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The statement of financial position and non-current assets
Published on July 31, 2017 23 min
Other Talks in the Series: Accounting Records and Accounts
Hello. This is Huw Morgan from the Alliance Manchester Business School. This is the fifth talk in a series of lectures on accounting record.
In this session, we will be reviewing the structure of the Statement of Financial Position, and the need to separate current from non-current assets and liabilities. Our focus will then, be on accounting for non-current assets. When they can be recognised and how to record their use over time, in accordance with the matching concept. We should also see ways in which a business can maintain a control over these assets using an asset register.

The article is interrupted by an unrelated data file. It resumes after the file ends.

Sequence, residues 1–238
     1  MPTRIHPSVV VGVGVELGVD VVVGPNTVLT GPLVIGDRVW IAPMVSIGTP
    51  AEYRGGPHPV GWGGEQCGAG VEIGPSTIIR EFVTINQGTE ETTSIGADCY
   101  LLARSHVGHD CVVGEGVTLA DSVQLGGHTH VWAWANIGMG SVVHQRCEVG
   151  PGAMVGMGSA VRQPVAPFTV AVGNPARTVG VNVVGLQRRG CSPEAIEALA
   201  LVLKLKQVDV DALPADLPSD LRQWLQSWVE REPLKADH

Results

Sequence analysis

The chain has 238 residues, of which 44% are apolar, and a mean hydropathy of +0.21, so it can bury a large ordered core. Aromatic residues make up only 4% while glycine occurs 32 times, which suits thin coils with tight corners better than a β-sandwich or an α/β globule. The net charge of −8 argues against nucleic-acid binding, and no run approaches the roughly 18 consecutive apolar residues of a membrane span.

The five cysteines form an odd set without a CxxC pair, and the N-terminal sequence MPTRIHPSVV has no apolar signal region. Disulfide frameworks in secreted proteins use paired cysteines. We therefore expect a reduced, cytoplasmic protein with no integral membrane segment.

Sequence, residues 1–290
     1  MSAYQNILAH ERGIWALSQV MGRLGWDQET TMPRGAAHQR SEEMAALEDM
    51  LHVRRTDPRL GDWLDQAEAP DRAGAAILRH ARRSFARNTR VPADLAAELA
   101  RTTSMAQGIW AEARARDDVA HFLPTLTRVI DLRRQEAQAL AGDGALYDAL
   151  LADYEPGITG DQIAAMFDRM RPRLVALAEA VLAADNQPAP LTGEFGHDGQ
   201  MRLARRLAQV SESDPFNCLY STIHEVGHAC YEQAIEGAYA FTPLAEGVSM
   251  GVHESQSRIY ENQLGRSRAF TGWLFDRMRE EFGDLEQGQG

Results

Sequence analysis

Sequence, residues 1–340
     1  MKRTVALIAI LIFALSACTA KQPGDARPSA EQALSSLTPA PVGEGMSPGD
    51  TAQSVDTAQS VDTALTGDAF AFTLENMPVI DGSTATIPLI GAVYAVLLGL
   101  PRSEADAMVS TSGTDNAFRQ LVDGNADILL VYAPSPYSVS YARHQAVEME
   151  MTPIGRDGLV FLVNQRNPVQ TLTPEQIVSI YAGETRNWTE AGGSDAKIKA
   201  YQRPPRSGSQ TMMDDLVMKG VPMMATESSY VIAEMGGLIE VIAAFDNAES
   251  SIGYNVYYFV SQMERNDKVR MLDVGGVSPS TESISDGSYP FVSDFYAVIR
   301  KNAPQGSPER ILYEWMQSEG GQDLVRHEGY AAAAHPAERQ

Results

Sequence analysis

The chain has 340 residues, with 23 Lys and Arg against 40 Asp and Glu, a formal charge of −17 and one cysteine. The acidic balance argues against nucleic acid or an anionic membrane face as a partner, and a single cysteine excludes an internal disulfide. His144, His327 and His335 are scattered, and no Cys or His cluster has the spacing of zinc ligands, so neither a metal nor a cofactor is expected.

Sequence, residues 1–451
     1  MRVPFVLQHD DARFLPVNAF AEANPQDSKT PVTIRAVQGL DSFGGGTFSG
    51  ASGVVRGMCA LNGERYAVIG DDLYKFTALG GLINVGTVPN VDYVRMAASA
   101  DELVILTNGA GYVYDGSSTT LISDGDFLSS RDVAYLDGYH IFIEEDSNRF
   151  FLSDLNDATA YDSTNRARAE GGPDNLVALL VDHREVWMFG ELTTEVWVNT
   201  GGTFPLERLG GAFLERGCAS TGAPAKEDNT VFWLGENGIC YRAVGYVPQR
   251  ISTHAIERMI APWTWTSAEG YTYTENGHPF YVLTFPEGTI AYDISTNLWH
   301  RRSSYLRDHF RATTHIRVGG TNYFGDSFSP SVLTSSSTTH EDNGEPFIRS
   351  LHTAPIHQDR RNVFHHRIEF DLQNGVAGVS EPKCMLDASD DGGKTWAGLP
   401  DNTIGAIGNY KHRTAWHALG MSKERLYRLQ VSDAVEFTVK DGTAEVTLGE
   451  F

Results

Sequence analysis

Over the past sessions we've been using Shaun's Smoothies, a small but growing business, to illustrate the need for progressively detailed accounting records. We now revisit Shaun at the end of his first accounting year. The summarised trial balance shown here, has been extracted from the nominal ledger. Shaun's business has grown, from a lemonade stand to a high street shop which he owns, funded partly from equity introduced by Shaun from an inheritance, and in part from a bank loan. Note that the profit generated in the year of 19,389, has already been calculated so there are no income and expense items in this trial balance. The successful first year is the result of developing a menu of healthy fruit and veg smoothies, and the shop is located next to a large gym, bringing in a lot of thirsty, health conscious, customers with disposable income. The business is now trading on credit terms, as well as for cash, which explains the inclusion of trade receivables where customers owe the business, and trade payables where the business owes its suppliers. You may notice that this trial balance is presented in a manner that supports the accounting equation. Assets equals liabilities plus equity. All of the assets are listed first, and all are on the debit side of the trial balance, coming to the same total as the liabilities and equity recorded on the credit side.